A convoy of flatbed trucks carrying badly needed food aid to one of the areas most heavily hit by the fighting was waved through a checkpoint by Russian soldiers. But conditions throughout much of the country remained tense.
Russian soldiers were setting up camp Wednesday in at least three positions in west-central Georgia. Further east, soldiers were building a sentry post of timber on a hill outside Igoeti, 30 miles from Tbilisi and the closest point to the capital where Russian troops have maintained a significant presence.
A top Russian general, meanwhile, said Russia plans to construct nearly a score of checkpoints to be manned by hundreds of soldiers in the so-called "security zone" around the border with South Ossetia.
And at a military training school in the mountain town of Sachkhere, a Georgian sentry said he feared Russian forces will make good on their threat to return after a confrontation the day before.
The sentry, who gave his name only as Corporal Vasily, said 23 Russian tanks, APCS and heavy guns showed up at the base on Tuesday and demanded to be let in. The Georgians refused and the Russians left after a 30-minute standoff but vowed to return after blowing up facilities in the village of Osiauri, he said.
Georgia's Defense Ministry said Wednesday that Russian soldiers destroyed military logistics facilities in Osiauri, but the claim could not immediately be confirmed.
"We're trying not to provoke them; otherwise they'll stay here for five to six months," Vasily said. He said the school itself had no heavy weapons or other significant strategic value, unlike the military base raided by Russians at Senaki, "where they even took the windows off the buildings."
Russia sent its tanks and troops into Georgia after Georgia launched a heavy artillery barrage Aug. 7 on the separatist, pro-Russian province of South Ossetia. Fighting also has flared in a second Georgian breakaway region, Abkhazia.
The short war has driven tensions between Russia and the West to some of their highest levels since the breakup of the Soviet Union.
A cease-fire signed by the presidents of Russia and Georgia calls for Russian forces to pull back to the positions they held before Aug. 7. The cease-fire allows Russia to maintain troops in a zone extending about 4 miles into Georgia along the South Ossetian border.
The Kremlin said Medvedev told French President Nicolas Sarkozy by phone Tuesday that Russian troops would withdraw from most of Georgia by Friday - some to Russia, others to South Ossetia and a surrounding "security zone" set in 1999.
The White House made clear it expected Russia to move faster. "It didn't take them really three or four days to get into Georgia, and it really shouldn't take them three or four days to get out," spokesman Gordon Johndroe said.
Col. Gen. Anatoly Nogovitsyn, deputy head of the Russian general staff, told a briefing Wednesday that Russia will build a double line of checkpoints totaling 18 in the zone, with about 270 soldiers manning the front-line posts. He said the security zone would be 25 miles from the strategically key city of Gori, but the city is significantly closer to the zone's presumed boundaries than that.
South Ossetia technically remains a part of Georgia, but Russia has said it will accept whatever South Ossetia's leaders decide about their future status - which is almost certain to be either a declaration of independence or a request to be incorporated into Russia.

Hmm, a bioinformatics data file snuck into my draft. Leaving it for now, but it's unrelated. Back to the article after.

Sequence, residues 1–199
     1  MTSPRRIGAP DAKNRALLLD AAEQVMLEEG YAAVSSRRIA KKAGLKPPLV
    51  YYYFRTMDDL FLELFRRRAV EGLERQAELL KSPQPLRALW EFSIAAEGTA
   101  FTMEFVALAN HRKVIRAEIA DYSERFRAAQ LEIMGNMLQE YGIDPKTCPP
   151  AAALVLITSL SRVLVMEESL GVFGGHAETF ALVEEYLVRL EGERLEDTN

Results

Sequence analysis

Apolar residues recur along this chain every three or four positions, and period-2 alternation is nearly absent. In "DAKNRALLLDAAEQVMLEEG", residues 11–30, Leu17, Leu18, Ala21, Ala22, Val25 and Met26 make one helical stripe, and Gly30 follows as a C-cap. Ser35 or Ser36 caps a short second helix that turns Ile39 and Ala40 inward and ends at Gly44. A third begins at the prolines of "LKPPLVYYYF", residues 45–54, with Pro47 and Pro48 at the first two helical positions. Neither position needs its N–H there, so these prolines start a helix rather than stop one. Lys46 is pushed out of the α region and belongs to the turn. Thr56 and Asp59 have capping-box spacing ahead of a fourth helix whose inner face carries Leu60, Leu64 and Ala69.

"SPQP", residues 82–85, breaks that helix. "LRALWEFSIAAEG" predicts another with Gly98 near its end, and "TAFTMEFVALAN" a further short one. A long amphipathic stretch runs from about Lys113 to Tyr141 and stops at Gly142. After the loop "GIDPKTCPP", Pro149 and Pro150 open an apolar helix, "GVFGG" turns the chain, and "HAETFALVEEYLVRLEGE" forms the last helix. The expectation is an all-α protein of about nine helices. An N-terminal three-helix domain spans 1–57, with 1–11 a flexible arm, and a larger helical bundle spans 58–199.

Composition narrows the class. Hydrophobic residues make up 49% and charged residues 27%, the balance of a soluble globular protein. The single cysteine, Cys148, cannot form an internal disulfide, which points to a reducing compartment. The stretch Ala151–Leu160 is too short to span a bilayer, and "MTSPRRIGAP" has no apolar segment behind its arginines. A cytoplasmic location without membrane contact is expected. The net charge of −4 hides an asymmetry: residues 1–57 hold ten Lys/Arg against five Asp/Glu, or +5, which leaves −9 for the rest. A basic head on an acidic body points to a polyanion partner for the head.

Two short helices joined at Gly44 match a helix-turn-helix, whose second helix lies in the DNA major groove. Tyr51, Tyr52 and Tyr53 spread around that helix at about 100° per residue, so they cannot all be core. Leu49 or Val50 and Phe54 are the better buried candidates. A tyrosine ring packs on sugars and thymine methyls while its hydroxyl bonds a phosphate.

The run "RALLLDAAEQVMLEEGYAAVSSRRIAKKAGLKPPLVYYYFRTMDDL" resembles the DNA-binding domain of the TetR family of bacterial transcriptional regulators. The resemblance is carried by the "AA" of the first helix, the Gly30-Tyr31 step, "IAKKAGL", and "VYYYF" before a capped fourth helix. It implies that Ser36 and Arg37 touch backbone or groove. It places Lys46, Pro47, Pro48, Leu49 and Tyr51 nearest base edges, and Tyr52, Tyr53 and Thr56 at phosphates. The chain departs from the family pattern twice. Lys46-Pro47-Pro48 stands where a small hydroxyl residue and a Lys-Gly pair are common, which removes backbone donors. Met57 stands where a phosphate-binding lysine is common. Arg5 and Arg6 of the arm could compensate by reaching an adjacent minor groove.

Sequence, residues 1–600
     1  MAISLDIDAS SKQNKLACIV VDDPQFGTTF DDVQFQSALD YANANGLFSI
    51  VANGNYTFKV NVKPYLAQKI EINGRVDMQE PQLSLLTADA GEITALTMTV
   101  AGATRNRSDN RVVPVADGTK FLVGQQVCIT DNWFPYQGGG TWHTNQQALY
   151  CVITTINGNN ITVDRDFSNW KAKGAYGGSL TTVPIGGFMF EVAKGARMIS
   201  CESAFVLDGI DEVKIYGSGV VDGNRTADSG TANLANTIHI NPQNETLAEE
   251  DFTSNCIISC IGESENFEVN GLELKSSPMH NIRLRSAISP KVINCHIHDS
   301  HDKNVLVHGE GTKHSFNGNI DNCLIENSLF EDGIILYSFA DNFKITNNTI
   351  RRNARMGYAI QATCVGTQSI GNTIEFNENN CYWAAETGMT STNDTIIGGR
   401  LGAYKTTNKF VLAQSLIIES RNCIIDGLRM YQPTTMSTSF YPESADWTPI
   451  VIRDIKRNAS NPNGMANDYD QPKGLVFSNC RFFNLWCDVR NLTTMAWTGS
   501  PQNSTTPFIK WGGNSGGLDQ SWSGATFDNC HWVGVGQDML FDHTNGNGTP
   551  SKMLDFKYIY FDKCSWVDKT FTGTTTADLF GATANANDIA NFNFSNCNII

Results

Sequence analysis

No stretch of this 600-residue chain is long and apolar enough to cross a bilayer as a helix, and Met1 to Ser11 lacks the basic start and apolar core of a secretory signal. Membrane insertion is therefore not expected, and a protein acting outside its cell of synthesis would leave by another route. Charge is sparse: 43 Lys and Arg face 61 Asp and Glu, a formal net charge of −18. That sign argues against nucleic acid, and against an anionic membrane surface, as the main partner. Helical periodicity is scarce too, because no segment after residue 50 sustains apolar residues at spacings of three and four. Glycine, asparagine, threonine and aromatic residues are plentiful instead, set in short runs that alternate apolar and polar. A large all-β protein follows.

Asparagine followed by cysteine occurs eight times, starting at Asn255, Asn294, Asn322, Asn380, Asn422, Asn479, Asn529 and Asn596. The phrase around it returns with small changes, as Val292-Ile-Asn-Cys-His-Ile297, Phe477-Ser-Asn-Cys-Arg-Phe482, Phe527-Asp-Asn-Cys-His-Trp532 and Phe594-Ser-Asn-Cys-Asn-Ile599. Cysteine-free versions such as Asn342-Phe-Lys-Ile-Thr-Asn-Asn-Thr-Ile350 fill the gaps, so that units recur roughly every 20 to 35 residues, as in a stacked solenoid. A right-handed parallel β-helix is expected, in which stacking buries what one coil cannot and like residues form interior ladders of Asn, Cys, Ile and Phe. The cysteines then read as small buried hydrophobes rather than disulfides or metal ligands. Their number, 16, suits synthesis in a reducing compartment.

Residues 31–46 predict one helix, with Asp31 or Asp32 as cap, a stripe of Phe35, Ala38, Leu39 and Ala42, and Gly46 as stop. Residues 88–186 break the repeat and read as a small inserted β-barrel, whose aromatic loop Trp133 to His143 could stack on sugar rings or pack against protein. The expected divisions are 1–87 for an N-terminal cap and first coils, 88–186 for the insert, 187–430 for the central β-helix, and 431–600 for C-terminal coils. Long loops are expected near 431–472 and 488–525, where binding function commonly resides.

Western leaders have stressed Georgia must retain its current borders.
A U.S. Senate Armed Services Committee delegation is traveling to Georgia to show solidarity with its government and assess the situation after fierce fighting between Georgian and Russian troops.
"This is a moment in history when it is vital for the world's democracies to stand in solidarity," U.S. Sen. Joe Lieberman, I-Conn., said in a statement before the trip.
Lieberman and South Carolina Republican Sen. Lindsey Graham were meeting with Georgian officials as well as with the ranking U.S. general on the ground.
U.S. Brig. Gen. Jon Miller arrived with a team Monday to assess humanitarian needs. About half of the displaced Georgians have taken refuge in schools, municipal offices and even condemned buildings in and around the Georgian capital, Tbilisi.
The Igoeti checkpoint that the aid trucks crossed, about 30 miles west of Tbilisi, is one of the deepest penetrations made by Russian forces into Georgia after fighting broke out in South Ossetia nearly two weeks ago.
The Russian seizure of Gori and villages in the region has left thousands of people with scarce and uncertain food supplies. The nine flatbed trucks carrying aid from the World Food Program could bring them some small comfort for a few days.
On Tuesday, Russian forces drove out of the Black Sea port city of Poti in trucks and armored personnel carriers loaded with about 20 blindfolded and bound Georgian prisoners - identified by local officials as soldiers and police - and seized four U.S. Humvees. They reportedly were taken to a Russian-controlled military base nearby, and Georgian Interior Ministry spokesman Shota Utiashvili said Wednesday they still were being held.
Nogovitsyn, the Russian general, indicated his forces may not return the U.S. vehicles, which had been waiting at Poti to be shipped home after being used in recent U.S.-Georgia exercises.
Asked about U.S. demands that Russia return seized weaponry to the Georgian military, he said "we don't intend to give up trophies."
Associated Press writers Misha Dzhindzhikhashvili in Tbilisi, Georgia; Christopher Torchia in Igoeti, Georgia, and Jim Heintz in Moscow contributed to this report.